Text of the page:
U.S. gold futures hit a six-month high of $1,000 and spot gold also rose to six-month high on Tuesday as the dollar's weakness, concerns about the sustainability of the global economic recovery and worries about inflation underpinned sentiment.
Some market players were cautious about prices sustaining $1,000, however, saying the rally had been driven by speculators and gold was an expensive buy in historical terms.
Futures have topped $1,000 nine times -- three times this year and six last year, including a record $1,033.90. Spot prices have risen above $1,000 just four times - once in February and three times in March 2008, when they hit a record $1,030.80.
Futures were always going to lead the way above $1,000, so spot can't be far behind. Gold's rising price is due to uncertainty all the way from personal investors right through to institutions, said Sandra Close, an analyst for gold research group Surbiton Associates.
There are questions out there over the health of economies, where interest rates are going. All that encourages gold hoarding. There's potential to see the price go even higher, she said.
Spot gold rose as high as $997.90, its highest since February, when it briefly topped $1,000, before easing to $997.00. New York's notional close was $993.85. At 0550 GMT, it was trading at $996.95.
U.S. gold futures for December delivery touched $1,000 briefly before slipping to $999.30 per ounce. Futures settled at $996.70 on Friday. U.S. markets were closed on Monday for the Labor Day holiday.
ARE HIGH LEVELS SUSTAINABLE?
Despite gold hitting $1,000, it is far from an inflation-adjusted record, which analysts at GFMS have put as high as $2,079 per ounce.
Some analysts have said the higher gold price reflects uncertainty across markets about how central banks will untangle themselves from fiscal stimulus aimed at reviving economic growth, as well as dollar weakness.
The Group of 20 finance ministers and central bankers said at the weekend they would not remove economic stimulus until the global recovery was well entrenched.
Others said buying momentum could wane to push prices back toward $950 before consolidating, given weak physical demand and a tendency by big Asian consumers to sell when prices rise.
I don't know if it will stay there for a particularly long (period). My view is that by the end of the year the gold price will be lower, probably down to around $950 an ounce, said David Moore, a commodities strategist at Commonwealth Bank of Australia.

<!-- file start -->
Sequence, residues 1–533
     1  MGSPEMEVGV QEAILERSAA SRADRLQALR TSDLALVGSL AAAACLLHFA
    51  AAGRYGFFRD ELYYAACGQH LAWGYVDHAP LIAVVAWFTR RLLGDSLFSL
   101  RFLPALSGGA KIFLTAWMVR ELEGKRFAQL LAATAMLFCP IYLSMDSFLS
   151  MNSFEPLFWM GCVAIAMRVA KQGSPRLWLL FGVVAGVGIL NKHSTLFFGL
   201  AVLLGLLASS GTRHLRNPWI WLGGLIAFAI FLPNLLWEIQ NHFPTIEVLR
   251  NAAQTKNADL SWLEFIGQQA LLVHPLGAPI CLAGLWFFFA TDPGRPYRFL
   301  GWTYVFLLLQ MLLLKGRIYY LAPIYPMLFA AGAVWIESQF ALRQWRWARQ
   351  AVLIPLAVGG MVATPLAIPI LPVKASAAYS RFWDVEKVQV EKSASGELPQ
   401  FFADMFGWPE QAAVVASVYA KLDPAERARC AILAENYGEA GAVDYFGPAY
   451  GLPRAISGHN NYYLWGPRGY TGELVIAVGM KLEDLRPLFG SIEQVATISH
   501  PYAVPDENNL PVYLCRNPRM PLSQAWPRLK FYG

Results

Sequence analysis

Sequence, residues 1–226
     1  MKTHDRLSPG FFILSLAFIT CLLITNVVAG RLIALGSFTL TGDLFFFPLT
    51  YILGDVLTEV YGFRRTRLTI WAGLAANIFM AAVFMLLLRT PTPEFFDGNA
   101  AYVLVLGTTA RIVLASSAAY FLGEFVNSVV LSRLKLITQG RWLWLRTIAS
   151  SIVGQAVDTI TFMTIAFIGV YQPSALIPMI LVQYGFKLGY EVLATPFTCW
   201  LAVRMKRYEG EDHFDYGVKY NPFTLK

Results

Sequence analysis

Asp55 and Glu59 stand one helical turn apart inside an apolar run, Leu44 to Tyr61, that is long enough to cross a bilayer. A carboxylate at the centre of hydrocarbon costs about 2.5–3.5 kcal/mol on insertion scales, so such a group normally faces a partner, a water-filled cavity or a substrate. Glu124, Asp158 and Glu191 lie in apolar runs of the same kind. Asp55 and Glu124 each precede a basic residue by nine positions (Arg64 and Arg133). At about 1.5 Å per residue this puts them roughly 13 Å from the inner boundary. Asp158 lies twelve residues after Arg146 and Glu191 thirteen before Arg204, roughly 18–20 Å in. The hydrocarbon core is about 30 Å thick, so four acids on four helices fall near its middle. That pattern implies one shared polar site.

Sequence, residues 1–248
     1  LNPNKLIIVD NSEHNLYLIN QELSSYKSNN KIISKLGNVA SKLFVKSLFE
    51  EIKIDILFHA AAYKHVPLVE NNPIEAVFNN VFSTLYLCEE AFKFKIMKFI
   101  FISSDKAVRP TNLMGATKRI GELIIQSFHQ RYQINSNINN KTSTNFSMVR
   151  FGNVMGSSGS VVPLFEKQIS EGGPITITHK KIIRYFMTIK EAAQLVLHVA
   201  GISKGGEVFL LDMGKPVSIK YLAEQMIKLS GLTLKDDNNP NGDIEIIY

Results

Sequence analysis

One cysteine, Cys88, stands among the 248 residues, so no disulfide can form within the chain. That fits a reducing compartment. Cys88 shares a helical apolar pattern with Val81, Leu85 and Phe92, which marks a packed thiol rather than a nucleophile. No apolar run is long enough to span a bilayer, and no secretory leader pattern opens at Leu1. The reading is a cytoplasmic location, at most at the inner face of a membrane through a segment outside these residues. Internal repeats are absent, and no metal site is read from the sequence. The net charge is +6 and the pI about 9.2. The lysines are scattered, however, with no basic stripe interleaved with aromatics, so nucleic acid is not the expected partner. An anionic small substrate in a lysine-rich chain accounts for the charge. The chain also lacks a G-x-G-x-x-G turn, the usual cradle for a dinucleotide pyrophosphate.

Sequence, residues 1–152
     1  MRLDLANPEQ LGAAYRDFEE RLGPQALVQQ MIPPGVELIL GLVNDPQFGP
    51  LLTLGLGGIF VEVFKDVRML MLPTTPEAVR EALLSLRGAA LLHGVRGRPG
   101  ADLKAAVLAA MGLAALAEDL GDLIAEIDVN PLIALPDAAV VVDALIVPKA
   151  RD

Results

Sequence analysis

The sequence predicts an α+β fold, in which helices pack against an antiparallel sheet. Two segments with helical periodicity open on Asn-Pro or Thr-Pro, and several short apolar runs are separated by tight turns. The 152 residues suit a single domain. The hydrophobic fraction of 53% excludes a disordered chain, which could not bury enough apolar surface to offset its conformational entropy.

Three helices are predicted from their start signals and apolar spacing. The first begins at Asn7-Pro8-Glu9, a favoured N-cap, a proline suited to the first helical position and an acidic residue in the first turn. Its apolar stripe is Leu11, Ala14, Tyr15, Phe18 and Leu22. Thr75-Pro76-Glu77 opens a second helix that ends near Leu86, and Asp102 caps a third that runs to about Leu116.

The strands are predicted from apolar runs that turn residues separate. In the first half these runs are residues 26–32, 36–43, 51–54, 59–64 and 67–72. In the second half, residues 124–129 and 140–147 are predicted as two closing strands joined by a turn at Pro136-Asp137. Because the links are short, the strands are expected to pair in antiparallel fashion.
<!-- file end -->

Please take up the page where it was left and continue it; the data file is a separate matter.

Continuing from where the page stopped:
A confluence of dollar weakness -- making the metal more attractive to non-U.S. investors -- and doubt about the sustainability of global economic recovery have prompted a spate of investors to seek refuge in gold.
The dollar held around 93 yen, although it was slightly lower on a basket of currencies in early trade. The dollar index <.DXY> is resting on trendline support at 78.00 and a sustained break lower would be quite bearish technically.
Along with currencies, analysts were watching stock markets to gauge gold's direction. A sell-off in equities on concerns about the economy could boost gold's safe-haven appeal.
The gold market has legged up into a new range, but we need to see it sustain at $1,000 for a few days to write a new long-term story, said Mark Pervan, a senior commodities analyst at ANZ Bank.
Gold bulls are easily spooked around these numbers and need to see them sustained to bolster confidence. Gold is rallying on fears of an equity retreat. The risk is that stocks will fall and people are hedging that by buying gold, he said.
Asian stocks were up marginally on Tuesday.
For a graphic on gold futures versus the S&P index, click: http://graphics.thomsonreuters.com/099/CMD_GLDSP0909.gif
Traders said volume was not large and as futures slipped soon after hitting the key level, and with spot struggling to extend gains toward $1,000, prices might languish during Asian trade.
I think these high levels could trigger selling ... and it might be difficult for gold to sustain the $1,000 level, said Shuji Sugata, a manager at Mitsubishi Corp Futures & Securities in Tokyo.
Investment flows took a break, with the world's largest gold-backed exchange-traded fund, the SPDR Gold Trust, saying holdings stood at 1,077.63 tonnes as of September 7, unchanged from Friday.
The dollar steadied after falling the previous day as the weekend meeting of G20 finance chiefs boosted investor appetite for growth-related riskier assets like commodities and stocks.
In other metals, silver hit a 13-month high of $16.51.
(Additional reporting by Jim Regan, Miho Yoshikawa and Lewa Pardomuan; Editing by Sambit Mohanty)